ST. LOUIS (AP) -- A federal judge in St. Louis has thrown out a lawsuit accusing Village Voice Media of knowingly allowing a pimp to advertise a teenage prostitute's sexual services on one of its websites.
The suit filed last year on behalf of the teen sought at least $150,000 in damages. It claimed that Backpage.com, a website similar to Craigslist, knew prostitution was being facilitated on the site but did nothing to stop it.
U.S. Magistrate Judge Thomas Mummert dismissed the suit Monday. The allegations "do not distinguish the complained-of actions of Backpage from any other website that posted content that led to an innocent person's injury," Mummert wrote. "Congress has declared such websites to be immune from suits arising from such injuries. It is for Congress to change the policy that gave rise to such immunity."
Those comments were in reference to the Communication Decency Act.
The girl's attorney, Bob Pedroli Jr., was critical of the act and said he would appeal.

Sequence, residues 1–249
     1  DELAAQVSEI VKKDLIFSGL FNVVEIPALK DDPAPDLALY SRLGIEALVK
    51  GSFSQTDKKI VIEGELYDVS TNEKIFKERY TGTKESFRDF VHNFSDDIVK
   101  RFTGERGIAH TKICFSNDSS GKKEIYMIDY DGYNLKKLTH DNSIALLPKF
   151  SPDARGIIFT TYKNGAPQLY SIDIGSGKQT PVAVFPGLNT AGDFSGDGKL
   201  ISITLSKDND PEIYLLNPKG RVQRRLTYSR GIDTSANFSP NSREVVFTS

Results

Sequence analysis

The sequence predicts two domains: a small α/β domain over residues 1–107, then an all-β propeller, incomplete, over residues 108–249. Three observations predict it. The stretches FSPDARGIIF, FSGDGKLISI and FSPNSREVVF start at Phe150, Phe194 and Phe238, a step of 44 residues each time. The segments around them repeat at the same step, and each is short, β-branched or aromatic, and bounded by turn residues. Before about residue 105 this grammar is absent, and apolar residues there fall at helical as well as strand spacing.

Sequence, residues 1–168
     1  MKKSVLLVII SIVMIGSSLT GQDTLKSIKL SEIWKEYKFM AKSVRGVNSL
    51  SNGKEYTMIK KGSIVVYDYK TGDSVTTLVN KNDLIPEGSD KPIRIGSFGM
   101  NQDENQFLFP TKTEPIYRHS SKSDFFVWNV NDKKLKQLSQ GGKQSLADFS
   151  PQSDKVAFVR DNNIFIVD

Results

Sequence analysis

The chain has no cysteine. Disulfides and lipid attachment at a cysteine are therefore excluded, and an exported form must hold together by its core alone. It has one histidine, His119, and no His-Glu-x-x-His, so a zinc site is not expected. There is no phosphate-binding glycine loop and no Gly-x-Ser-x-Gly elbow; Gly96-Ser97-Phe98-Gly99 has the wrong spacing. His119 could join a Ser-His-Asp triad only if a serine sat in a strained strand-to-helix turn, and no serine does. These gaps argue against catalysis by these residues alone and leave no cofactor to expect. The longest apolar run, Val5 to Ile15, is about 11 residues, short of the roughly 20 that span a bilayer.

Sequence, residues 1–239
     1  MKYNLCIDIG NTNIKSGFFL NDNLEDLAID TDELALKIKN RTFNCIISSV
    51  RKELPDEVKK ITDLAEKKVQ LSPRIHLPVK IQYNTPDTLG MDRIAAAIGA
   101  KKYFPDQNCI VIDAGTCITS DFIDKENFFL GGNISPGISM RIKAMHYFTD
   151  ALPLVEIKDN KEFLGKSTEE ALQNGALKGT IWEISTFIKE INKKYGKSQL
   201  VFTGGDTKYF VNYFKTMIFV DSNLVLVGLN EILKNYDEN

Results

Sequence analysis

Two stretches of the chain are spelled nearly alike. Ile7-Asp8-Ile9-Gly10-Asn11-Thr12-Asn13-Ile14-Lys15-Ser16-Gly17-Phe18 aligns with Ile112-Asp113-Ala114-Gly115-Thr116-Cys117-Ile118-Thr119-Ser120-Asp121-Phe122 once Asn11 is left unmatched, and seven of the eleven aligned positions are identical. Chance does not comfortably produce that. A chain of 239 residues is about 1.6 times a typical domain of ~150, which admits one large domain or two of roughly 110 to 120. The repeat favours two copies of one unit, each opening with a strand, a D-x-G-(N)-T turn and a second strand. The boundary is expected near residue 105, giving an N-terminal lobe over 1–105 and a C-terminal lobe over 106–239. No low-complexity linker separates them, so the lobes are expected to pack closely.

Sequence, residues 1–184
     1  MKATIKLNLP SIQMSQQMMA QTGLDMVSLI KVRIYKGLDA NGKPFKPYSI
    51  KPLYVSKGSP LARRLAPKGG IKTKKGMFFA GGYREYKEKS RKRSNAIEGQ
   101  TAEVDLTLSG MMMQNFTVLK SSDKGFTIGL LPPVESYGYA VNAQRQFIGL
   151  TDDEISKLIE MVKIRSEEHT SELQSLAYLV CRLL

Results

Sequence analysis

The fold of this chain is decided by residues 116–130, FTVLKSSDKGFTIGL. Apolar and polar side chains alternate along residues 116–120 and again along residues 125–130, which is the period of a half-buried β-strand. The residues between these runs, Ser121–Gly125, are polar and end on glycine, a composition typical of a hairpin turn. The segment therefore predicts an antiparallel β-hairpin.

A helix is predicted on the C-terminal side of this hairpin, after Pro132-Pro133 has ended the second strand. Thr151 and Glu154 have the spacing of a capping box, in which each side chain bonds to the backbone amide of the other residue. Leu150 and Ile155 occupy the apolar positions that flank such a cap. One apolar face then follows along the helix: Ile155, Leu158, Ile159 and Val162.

"We plan to continue our fight in the courts and we ask everyone who cares about sexual trafficking of children on the Internet to write to their senators and congressional representatives and tell them to change this law now," Pedroli said.
Phone messages left with an attorney for Village Voice Media were not returned.
The lawsuit did not list the name of the girl who said she became a prostitute at age 14. The girl's pimp, Latasha Jewell McFarland, 28, of St. Louis, was sentenced to five years in prison after pleading guilty in 2010 to federal prostitution charges.
Prosecutors in the criminal case said the girl ran away from home and met McFarland in 2009. They said McFarland persuaded her to work as a prostitute by telling her she could earn $100 for each sex act, and that McFarland took half the proceeds.
McFarland admitted she posted nude photos of the girl online, bought condoms, arranged meetings and drove the teen to hotels. Prosecutors said she also encouraged the teen to go to parties where men would pay for sex with multiple women.
In her lawsuit, the girl contended that items advertising sex with her were posted on Backpage.com.
Pedroli said websites like Backpage.com provide a "safe house" for pimps and customers to arrange child prostitution.
In September 2010, attorneys general in 21 states sent a joint letter to Backpage.com, asking the site to drop its adult services section and to develop better safeguards to prevent illegal prostitution and child trafficking ads from migrating to the site's other sections.